Critique of the Hawthorne Experiments

Written by Fritz J. Roethlisberger (1898 – 1974), The Hawthorne Experiments, explores the experiments, results and conclusions of studies performed at the Hawthorne Plant of the Western Electric Company. The Hawthorne Effect is the theory that resulted from the studies. Roethlisberger, a key member of the team, joined the team in 1927 and actively participated in the research until 1936, first as Elton Mayo’s assistant and later as his collaborator (Roethlisberger, 2007).
Roethlisberger earned a BA in engineering from Columbia University, a BS in engineering administration from the Massachusetts Institute of Technology, and a MA in philosophy from Harvard University (Roethlisberger, 2007). When Roethlisberger became Elton Mayo’s assistant and a member of the Harvard Business School Department of Industrial Research, his studies towards a PhD in philosophy were halted (Roethlisberger, 2007).
Roethlisberger held multiple positions while at Harvard University including: Instructor of Industrial Research (1927-1930), Assistant Professor of Industrial Research (1930-1938), Associate Professor of Industrial Research (1938-1946); and Wallace Brett Donham Professor of Human Relations (1950-1974) (Roethlisberger, 2007). Roethlisberger also served as a consultant to the Training within Industry Program of the U. S. Governments Office of Production Management from 1941 to 1942 (Roethlisberger, 2007). Roethlisberger is also responsible for multiple other essays and books including, “Man-in-Organization: Essays of F. J. Roethlisberger” (1968), “Counseling in an Organization; A Sequel to the Hawthorne Researches (1966)”, and “Management and Morale” (1941) (Biography – Fritz, 2010). Critique The article uses the experiments performed at the Hawthorne plant of the Western Electric Company as illustration to prove Roethlisberger’s theory. He wrote: It is my simple thesis that a human problem requires a human solution. First, we have to learn to recognize a human problem when we see one; and second, upon recognizing it, we have to learn to deal with it as such and not as if it were something else.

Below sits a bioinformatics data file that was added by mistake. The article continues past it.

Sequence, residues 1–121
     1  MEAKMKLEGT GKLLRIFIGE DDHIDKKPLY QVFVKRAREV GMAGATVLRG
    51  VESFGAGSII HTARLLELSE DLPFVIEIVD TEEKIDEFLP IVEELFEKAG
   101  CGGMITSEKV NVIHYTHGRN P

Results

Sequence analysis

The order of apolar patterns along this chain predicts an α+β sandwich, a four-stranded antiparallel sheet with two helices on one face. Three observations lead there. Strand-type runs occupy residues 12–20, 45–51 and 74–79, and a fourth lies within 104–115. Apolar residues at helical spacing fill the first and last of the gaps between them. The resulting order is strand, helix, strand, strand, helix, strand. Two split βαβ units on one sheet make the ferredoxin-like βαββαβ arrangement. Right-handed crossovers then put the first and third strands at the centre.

Too often at the verbal level we talk glibly about the importance of the human factor; and too seldom at the concrete level of behavior do we recognize a human problem for what it is and deal with it as such (Natemeyer & McMahon, 2001, p. 30). Roethlisberger also said, “A human problem to be brought to a human solution requires human data and human tools (Natemeyer & McMahon, 2001, p. 30). Again the results from these experiments reiterated Roethlisberger’s theory of treating human problems with human solutions.
There were multiple experiments performed at the Hawthorne plant. “In the illumination experiments…we have a classic example of trying to deal with a human situation in nonhuman terms (Natemeyer & McMahon, 2001, p. 31). The illumination studies were performed from 1924 until 1927 and were to study the effect of lighting changes on employee productivity (Kirchner, 1992). Within this experiment, various degrees of illumination were experimented on a ‘test’ group and most of the experiments performed on the group showed an increase of productivity.
According to Roethlisberger, “in still another experiment, the workers were allowed to believe that the illumination was being increased, although, in fact, no change in intensity was made” (Natemeyer & McMahon, 2001, p. 31). Again the researchers saw an increase in productivity. Some of the researchers were beginning to develop their basic ideas and assumptions with regard to human motivation (Natemeyer & McMahon, 2001, p. 31). In the next set of experiments, also known as the Relay Assembly Test Room Experiments, Western Electric Company drew support from Harvard researchers.
The experiments (with five young women from the Relay Assembly room of the plant) involved manipulated a number of factors including, pay incentives, length of workday and work week, and the use of rest period (Natemeyer & McMahon, 2001, p 32). While researchers kept tons of data regarding this experiment, including the temperature and humidity of the room and the amount of slept each women had the night prior, the physical changes had little change on the productivity (Natemeyer & McMahon, 2001, pp. 32 – 34).